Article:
At a press conference on Thursday, Barnwell said that prior to the alleged altercation, she had never met Livingston.

    “I had never seen this lady a day in my life, so when she approached me so angry and upset, I had not known how to react to her,” Barnwell said. “She approached me, she grabbed me, she pushed me up against the wall. I was just not prepared for that.”

    Barnwell said that Smith, the principal, appeared to take the teacher’s side.

    “He’s just like, ‘Shouldn’t you be proud of your country?’” Barnwell recalled.

    The student said that it’s “emotionally damaging and mentally damaging” to have to see Livingston in the hallways at school and that she believes that “people at my school do not make me feel like I belong, make me feel like I’m safe.”

    Barnwell said that she hasn’t recited the Pledge of Allegiance in years.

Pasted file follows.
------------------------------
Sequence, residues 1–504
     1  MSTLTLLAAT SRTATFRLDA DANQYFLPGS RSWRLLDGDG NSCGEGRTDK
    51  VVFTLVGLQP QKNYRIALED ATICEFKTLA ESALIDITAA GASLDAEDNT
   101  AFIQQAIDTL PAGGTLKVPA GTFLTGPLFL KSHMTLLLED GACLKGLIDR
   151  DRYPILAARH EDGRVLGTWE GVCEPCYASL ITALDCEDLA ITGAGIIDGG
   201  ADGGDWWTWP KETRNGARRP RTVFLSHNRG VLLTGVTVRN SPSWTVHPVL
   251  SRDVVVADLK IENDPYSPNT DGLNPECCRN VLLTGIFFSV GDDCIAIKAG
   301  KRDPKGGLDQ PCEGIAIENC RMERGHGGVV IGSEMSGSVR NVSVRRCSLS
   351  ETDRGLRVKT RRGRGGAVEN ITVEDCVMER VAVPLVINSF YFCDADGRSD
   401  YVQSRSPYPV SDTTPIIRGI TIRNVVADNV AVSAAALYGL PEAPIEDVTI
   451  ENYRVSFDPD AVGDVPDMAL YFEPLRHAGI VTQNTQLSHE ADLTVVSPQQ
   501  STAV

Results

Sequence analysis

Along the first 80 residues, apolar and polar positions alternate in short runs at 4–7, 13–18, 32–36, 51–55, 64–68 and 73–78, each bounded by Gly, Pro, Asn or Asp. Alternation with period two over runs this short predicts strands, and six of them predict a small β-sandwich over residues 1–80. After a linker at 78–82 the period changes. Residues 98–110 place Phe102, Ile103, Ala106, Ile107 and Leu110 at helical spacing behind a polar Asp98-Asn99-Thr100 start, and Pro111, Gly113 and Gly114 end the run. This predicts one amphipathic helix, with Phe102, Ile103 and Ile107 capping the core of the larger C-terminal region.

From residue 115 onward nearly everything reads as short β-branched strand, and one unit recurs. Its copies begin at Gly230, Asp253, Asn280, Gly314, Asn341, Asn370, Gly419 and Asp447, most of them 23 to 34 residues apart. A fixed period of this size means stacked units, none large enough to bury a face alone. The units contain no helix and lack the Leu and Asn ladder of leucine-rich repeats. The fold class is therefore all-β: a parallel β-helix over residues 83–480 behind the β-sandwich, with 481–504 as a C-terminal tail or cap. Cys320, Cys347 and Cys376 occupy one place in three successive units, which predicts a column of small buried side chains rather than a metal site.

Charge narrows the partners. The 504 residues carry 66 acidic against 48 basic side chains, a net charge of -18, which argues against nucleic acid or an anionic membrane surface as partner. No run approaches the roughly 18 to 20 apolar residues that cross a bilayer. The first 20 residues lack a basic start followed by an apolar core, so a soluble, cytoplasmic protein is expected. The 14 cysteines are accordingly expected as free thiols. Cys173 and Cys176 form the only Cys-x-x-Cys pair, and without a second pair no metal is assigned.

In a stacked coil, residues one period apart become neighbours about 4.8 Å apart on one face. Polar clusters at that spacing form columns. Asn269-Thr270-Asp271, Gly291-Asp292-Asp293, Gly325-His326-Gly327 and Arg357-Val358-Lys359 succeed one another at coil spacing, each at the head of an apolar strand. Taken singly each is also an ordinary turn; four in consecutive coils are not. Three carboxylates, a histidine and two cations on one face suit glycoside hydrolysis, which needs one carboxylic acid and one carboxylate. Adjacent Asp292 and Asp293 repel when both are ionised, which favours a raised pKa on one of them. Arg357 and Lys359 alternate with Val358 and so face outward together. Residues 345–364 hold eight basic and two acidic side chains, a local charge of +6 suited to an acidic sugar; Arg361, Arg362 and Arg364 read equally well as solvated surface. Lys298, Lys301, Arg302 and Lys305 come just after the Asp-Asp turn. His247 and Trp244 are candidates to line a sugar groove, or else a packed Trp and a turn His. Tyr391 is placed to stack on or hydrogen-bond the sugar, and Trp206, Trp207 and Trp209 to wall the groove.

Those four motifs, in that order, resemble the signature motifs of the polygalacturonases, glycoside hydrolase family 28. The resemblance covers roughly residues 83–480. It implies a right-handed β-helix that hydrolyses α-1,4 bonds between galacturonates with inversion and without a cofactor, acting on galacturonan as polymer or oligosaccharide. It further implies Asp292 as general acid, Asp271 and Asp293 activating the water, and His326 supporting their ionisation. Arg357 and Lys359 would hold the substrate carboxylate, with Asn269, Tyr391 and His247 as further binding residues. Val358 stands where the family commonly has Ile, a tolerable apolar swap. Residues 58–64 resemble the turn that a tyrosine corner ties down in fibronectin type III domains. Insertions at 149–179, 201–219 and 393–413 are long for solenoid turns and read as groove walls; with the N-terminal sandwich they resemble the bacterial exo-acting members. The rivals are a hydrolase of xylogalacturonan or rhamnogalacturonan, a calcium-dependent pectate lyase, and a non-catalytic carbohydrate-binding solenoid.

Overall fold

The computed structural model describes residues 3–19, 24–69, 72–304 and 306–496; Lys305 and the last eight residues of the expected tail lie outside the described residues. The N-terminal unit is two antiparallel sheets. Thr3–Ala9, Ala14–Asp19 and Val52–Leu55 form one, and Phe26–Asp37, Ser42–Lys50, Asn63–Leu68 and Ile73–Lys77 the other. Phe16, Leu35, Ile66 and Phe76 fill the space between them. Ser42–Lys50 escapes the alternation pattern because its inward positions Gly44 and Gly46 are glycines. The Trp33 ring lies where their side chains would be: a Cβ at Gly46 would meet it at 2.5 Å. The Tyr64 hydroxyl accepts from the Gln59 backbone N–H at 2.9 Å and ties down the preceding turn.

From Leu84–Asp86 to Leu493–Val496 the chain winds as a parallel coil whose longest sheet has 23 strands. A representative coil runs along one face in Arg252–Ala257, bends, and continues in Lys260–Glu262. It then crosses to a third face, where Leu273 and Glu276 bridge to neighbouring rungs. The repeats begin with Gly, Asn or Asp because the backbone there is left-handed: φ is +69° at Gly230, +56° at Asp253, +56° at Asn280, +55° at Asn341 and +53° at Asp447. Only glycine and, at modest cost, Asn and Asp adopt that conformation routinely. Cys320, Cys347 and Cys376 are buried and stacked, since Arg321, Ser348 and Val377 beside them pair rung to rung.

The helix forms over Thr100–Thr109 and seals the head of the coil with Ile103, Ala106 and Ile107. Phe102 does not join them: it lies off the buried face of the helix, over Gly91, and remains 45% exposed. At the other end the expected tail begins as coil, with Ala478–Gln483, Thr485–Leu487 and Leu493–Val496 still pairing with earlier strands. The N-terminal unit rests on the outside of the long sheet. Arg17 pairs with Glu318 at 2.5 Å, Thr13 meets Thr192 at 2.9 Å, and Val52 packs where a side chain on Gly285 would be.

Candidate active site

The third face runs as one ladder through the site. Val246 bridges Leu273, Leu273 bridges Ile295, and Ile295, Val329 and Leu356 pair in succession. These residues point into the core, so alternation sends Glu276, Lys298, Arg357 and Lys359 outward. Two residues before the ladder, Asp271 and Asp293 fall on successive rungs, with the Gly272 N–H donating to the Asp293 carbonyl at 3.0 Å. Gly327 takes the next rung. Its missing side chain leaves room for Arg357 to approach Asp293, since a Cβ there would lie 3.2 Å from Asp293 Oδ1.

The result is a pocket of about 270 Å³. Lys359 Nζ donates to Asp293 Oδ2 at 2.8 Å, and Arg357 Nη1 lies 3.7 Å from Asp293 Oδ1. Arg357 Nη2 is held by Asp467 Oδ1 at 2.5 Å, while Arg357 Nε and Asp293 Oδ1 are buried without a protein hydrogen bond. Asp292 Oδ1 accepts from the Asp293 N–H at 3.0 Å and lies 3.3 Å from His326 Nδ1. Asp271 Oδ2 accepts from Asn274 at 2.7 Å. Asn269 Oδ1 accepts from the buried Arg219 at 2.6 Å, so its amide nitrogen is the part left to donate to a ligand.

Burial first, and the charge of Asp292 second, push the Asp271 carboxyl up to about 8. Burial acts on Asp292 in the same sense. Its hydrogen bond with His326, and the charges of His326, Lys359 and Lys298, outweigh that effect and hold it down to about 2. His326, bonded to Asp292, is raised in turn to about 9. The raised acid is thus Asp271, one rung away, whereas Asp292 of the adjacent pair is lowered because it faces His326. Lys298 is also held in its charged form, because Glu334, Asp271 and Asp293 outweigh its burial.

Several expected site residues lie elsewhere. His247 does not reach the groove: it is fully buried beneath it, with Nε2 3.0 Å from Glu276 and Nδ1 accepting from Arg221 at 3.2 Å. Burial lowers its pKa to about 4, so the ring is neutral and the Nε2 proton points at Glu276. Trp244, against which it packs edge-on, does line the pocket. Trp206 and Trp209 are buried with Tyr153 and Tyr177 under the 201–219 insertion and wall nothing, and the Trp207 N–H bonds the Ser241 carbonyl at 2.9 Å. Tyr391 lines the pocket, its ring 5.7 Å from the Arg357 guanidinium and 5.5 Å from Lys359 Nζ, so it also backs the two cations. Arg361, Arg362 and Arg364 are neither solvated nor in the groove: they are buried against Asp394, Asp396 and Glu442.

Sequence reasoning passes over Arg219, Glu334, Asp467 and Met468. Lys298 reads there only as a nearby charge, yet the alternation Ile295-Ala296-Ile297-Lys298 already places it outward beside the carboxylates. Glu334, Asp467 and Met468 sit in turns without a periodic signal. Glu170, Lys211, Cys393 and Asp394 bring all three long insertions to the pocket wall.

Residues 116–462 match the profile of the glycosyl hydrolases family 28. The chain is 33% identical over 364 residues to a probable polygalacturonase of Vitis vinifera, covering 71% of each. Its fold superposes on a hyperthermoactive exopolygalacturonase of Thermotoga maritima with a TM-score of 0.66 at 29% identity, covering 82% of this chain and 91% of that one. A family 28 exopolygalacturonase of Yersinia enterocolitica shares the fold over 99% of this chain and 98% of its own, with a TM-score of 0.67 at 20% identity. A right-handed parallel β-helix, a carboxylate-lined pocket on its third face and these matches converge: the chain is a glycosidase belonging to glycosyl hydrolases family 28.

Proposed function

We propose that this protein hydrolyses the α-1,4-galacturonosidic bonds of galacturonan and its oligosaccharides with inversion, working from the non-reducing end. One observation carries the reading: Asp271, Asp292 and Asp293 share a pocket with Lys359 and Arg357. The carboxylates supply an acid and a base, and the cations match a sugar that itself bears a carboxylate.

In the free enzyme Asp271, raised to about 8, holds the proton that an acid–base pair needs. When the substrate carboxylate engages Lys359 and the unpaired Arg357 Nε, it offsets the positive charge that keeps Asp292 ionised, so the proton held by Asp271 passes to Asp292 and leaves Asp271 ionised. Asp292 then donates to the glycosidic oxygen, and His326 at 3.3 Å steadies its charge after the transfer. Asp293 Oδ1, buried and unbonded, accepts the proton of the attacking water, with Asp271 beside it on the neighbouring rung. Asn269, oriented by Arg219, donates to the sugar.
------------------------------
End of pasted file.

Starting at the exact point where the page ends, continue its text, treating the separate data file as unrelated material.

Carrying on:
“I haven’t said any of those things since the third grade, once I realized that in those pledges you say ‘liberty and justice for all,’” Barnwell said at the press conference. “Is America really liberty and justice for all? After that I just realized I’m just not going to say this Pledge of Allegiance anymore.”

    Barnwell noted that Livingston is a “special needs instructor” at the school, which is confirmed on the school’s website.

    “The fact that she had the will to do this to me, I cannot imagine what she is doing to the special needs students who can’t even speak up for themselves,” Barnwell said.

    Barnwell’s parents are seeking an undetermined amount of compensatory and punitive damages.

    The South Carolina Department of Education filed a motion Friday to be dismissed from the case, arguing that the complaint didn’t sufficiently explain why the department is involved.